Mormons don't officially believe in inerrancy and change doesn't necessarily mean errancy anyway. In fact, the belief in continuing revelation could make Mormons in theory more radical believers in change than most others. But even to us change can feel threatening as was evident in probably our two most radical changes: the ending of polygamy and the priesthood ban.
Professor Harline goes on to tell his personal experiences with the priesthood ban as well as President Spencer W. Kimball's process toward issuing the second Official Declaration extending priesthood and temple blessings to worthy members of African descent.
President Kimball was the hero in this whole matter not because he stood up for his beliefs but because even at his age he reconsidered them.  Unlike the cardinal who wouldn't look through Galileo's telescope, President Kimball was willing to look and to ask.  He later wrote about the incident, 'Revelations will probably never come unless they are desired.'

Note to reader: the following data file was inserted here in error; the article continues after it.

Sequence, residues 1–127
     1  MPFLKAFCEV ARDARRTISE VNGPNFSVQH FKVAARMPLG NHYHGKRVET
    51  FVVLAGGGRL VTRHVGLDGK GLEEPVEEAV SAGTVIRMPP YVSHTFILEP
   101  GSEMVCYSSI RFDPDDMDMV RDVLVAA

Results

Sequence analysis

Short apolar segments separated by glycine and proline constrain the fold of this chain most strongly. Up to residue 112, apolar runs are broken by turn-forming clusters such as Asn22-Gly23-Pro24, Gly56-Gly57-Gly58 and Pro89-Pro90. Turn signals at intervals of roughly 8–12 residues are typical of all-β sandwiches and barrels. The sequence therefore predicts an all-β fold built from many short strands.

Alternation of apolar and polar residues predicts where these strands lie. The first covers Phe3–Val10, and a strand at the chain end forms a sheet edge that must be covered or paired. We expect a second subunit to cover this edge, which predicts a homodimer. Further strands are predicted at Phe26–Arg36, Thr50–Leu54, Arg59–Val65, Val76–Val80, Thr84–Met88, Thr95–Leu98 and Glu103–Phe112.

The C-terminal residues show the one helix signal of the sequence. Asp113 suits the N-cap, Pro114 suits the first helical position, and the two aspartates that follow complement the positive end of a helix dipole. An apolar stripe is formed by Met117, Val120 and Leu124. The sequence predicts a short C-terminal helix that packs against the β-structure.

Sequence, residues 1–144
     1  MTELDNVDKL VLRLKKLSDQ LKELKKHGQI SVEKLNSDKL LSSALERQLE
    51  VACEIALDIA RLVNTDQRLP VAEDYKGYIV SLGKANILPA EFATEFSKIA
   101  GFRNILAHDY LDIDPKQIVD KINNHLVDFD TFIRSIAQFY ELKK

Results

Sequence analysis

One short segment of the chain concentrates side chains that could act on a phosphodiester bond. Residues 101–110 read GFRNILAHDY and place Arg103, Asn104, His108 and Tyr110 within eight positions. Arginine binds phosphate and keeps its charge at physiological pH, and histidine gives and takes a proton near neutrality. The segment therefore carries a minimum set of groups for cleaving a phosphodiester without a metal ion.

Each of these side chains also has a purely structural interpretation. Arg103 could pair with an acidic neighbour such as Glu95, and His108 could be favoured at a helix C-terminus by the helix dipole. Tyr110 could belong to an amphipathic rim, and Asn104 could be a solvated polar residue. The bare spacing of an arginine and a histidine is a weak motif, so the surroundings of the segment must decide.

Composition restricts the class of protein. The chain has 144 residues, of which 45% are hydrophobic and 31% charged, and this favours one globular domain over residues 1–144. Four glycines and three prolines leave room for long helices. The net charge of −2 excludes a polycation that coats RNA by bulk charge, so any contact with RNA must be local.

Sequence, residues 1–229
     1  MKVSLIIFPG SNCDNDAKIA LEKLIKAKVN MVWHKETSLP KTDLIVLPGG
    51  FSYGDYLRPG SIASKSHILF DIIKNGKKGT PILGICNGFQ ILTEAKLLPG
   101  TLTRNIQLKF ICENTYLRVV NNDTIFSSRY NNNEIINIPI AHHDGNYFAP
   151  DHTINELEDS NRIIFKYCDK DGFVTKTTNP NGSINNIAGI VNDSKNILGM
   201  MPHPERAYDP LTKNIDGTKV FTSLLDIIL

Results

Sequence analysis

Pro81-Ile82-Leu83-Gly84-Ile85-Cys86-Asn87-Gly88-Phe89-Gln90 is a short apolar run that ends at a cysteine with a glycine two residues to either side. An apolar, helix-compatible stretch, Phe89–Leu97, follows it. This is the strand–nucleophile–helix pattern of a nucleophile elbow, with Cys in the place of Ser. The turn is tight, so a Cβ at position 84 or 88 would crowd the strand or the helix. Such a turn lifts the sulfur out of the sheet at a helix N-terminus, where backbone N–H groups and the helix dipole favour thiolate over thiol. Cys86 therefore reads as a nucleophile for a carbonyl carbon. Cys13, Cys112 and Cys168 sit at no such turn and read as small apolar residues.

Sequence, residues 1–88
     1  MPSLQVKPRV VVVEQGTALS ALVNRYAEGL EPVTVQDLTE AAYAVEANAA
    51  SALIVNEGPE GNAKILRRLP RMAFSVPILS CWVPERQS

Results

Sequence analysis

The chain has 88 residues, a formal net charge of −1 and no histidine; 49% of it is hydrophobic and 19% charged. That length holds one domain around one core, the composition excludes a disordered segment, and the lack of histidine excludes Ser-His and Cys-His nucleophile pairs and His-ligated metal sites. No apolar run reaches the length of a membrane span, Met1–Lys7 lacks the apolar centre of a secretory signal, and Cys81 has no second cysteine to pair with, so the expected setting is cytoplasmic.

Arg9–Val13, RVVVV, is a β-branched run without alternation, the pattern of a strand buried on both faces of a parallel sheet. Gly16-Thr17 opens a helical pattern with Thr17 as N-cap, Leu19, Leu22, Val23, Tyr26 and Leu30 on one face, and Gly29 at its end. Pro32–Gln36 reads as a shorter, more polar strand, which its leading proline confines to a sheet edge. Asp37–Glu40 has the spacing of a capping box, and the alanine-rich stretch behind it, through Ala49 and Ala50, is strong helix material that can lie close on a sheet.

Really a fabulous talk.  Take 45 minutes to listen it!

~3~

My ebook copy of Altered Perceptions from Robison Wells's indiegogo project just arrived!  I'm glad to have been able to contribute to a worthy effort and I can't wait to dig in!

~4~

On Monday, the New York Times published an article about the essays that The Church of Jesus Christ of Latter-day Saints has been posting on lds.org for the past year or so.  I had several people ask for my take on both the NY Times article and on the essays themselves, so if you'd like to read what I have to say, go check out my post at SpokaneFAVS.